We approach this in a few different ways. First, we work really hard to create a relevant, relatable daily news show that both informs and inspires our audience. So while they might not be in school watching our program in July, if a major news event happens, they might come to channelone.com to learn more about it.
While they might not be in school watching our program in July, if a major news event happens, they might come to channelone.com to learn more about it.
We also make sure that we balance our news content with engaging interactive content on both our website and across our social platforms. For example, every Tuesday, we post a behind-the-scenes photo of one of the anchors and we ask our kids to caption the photo. Every Friday, we announce the winner on the show. Kids and teachers love it – it’s our most successful content campaign – and they are often submitting their captions outside of school hours.
We also work hard to spark discussions around the news events that we know will resonate with our audience. We ran a story earlier this Spring about Sheryl Sandberg’s “Ban Bossy” campaign, and we had kids commenting well into the night with their thoughts on the campaign.
Finally, our anchors all spend time building relationships with our audience on their own social platforms. Again, those dialogues are mostly happening outside of school time.
Channel One News does anchor names on the chyron different than many TV news shows. Some TV news programs are doing Twitter handles, yes, but instead of a Twitter handle, you show an anchor’s handle on Instagram. Why is that? Did you build some of your strategy off of some research and if so, what was it?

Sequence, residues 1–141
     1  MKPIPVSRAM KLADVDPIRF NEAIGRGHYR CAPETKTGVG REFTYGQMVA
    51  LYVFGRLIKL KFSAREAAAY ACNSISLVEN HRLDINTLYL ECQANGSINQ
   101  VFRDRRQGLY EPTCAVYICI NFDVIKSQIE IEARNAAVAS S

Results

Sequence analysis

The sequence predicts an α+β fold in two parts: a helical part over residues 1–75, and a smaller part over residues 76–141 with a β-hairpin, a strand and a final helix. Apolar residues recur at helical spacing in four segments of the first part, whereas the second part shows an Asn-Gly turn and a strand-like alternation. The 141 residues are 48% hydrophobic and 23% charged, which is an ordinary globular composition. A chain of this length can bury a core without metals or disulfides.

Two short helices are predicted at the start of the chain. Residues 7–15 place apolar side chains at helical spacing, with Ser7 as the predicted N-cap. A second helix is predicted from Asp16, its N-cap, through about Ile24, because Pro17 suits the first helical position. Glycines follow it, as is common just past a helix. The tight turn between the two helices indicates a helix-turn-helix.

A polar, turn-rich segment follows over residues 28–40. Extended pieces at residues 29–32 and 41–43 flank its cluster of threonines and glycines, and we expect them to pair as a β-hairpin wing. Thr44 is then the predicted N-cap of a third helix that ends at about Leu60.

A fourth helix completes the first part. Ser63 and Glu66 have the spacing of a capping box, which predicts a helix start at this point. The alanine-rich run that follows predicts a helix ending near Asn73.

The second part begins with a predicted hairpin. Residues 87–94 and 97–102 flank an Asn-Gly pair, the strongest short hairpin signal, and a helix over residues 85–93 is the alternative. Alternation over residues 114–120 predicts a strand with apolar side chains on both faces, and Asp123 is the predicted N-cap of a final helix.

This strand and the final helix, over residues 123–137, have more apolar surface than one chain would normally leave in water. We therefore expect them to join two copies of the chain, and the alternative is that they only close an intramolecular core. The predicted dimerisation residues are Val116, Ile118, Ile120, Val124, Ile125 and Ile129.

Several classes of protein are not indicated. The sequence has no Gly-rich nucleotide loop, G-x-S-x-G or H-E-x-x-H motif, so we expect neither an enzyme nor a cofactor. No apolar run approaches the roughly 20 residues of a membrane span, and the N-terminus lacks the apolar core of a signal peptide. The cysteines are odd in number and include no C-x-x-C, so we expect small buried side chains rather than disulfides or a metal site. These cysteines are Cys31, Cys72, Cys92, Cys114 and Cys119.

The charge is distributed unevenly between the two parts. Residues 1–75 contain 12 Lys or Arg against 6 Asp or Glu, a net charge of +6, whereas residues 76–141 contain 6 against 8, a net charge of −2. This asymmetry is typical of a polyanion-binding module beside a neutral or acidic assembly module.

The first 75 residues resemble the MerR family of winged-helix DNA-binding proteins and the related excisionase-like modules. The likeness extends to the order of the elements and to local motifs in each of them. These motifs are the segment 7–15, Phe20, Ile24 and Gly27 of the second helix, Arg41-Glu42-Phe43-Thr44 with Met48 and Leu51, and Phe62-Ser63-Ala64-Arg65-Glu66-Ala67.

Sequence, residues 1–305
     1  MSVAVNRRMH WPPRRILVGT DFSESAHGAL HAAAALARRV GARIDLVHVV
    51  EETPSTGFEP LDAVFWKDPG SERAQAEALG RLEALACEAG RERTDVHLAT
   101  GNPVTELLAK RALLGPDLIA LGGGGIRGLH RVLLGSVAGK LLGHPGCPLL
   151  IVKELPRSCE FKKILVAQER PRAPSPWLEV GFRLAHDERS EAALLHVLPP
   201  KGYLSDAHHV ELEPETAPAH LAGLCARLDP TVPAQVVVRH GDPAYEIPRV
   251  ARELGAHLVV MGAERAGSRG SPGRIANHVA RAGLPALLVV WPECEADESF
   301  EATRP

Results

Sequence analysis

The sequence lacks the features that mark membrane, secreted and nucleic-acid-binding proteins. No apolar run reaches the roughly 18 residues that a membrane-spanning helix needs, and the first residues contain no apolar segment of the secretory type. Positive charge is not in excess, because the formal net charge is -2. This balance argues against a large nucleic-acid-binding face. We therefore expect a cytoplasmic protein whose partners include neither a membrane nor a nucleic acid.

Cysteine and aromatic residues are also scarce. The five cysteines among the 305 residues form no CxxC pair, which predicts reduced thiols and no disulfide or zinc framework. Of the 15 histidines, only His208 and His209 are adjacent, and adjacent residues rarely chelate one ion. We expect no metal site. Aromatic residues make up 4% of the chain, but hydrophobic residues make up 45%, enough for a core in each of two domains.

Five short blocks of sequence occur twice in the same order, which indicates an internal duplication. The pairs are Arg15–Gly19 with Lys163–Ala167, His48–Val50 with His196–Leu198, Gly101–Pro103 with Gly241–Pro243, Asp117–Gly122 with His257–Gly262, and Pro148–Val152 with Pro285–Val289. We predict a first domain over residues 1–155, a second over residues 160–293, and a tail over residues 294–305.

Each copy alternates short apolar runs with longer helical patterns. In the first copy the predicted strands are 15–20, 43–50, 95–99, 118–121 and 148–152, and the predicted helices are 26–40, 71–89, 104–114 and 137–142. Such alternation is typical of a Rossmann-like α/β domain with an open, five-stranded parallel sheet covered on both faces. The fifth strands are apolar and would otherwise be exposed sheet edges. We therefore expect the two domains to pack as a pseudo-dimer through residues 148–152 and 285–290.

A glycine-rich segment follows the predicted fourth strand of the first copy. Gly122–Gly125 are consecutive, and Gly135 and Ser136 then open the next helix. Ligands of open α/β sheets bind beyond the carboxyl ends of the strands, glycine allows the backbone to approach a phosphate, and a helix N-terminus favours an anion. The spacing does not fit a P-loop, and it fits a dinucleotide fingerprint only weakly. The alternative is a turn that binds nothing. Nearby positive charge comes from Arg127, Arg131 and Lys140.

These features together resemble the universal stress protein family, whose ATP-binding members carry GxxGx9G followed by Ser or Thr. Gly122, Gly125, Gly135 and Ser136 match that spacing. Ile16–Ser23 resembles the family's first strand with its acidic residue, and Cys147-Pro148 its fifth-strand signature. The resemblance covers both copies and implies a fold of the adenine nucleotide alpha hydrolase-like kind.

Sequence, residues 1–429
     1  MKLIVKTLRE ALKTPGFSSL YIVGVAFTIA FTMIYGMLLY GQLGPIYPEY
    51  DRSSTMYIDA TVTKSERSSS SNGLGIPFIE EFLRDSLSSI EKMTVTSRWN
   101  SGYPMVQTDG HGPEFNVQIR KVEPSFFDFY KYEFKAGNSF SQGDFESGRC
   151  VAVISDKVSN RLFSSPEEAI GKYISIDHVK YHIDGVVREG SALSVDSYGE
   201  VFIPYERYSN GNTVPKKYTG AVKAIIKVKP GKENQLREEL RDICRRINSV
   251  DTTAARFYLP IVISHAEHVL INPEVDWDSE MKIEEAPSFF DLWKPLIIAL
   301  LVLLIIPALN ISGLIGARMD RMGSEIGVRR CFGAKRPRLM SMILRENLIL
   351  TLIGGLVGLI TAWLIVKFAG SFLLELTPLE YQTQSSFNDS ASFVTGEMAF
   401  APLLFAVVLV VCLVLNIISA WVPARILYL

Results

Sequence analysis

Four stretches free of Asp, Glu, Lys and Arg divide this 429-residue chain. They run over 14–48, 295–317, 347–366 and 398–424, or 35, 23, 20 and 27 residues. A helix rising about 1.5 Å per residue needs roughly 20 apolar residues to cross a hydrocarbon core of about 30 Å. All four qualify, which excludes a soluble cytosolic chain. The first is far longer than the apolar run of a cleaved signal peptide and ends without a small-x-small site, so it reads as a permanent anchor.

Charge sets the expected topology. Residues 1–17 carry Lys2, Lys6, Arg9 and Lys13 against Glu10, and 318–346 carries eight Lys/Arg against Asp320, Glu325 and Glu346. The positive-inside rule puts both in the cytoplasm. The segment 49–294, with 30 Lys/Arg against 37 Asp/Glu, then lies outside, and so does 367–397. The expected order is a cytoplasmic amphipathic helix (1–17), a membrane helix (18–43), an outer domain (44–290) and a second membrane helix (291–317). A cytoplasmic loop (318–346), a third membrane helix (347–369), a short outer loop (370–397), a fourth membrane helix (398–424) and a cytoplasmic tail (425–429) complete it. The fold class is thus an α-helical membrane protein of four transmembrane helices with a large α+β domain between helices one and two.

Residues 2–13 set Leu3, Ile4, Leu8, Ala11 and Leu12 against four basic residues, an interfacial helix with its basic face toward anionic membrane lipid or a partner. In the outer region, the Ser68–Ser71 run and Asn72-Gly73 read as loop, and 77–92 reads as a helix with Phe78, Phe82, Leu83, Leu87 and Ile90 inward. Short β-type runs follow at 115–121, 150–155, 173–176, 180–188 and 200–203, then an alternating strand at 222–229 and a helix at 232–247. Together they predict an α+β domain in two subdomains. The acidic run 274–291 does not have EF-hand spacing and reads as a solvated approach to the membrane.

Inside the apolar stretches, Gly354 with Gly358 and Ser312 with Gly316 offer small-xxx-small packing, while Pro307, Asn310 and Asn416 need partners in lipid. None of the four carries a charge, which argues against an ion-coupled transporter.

For the last few years, we’ve had highly engaged Twitter and Facebook platforms. When we decided to expand our presence to other social platforms, we asked our audience where they spent the majority of their time and found that most of them were on Instagram. Not only do young people have a presence there, but they’re engaging on Instagram all day long. So we launched our Channel One News Instagram account in September of 2013, and it’s our fastest growing social platform.
Our anchors have the ability to choose which of their own social media platforms they’d like to have promoted on the show so kids know where they can follow them. They also chose Instagram.
Are there any other “little details” you’ve found that help tell or explain the news to youth and how it works?
This generation of students are interested and motivated to make a difference based on the news of the day. When we launched the new website last June, we also launched an Impact section, where we talk about different ways that kids can get involved and make a difference in their own communities.
We also want to have outlets for kids to weigh in and share their opinions on the stories we cover in the daily program. We offer a variety of ways for students to participate — from sending in their comments to us for a chance for it to be included in the next day’s show to engaging in conversations with them across all of our social media platforms including Instagram, Twitter and Facebook.
What do you lose if you don’t invite youth to participate?
So much! Their voice, their immense impact, their amazing ideas. We take every opportunity to encourage our audience to participate and share their interests, thoughts and questions with us.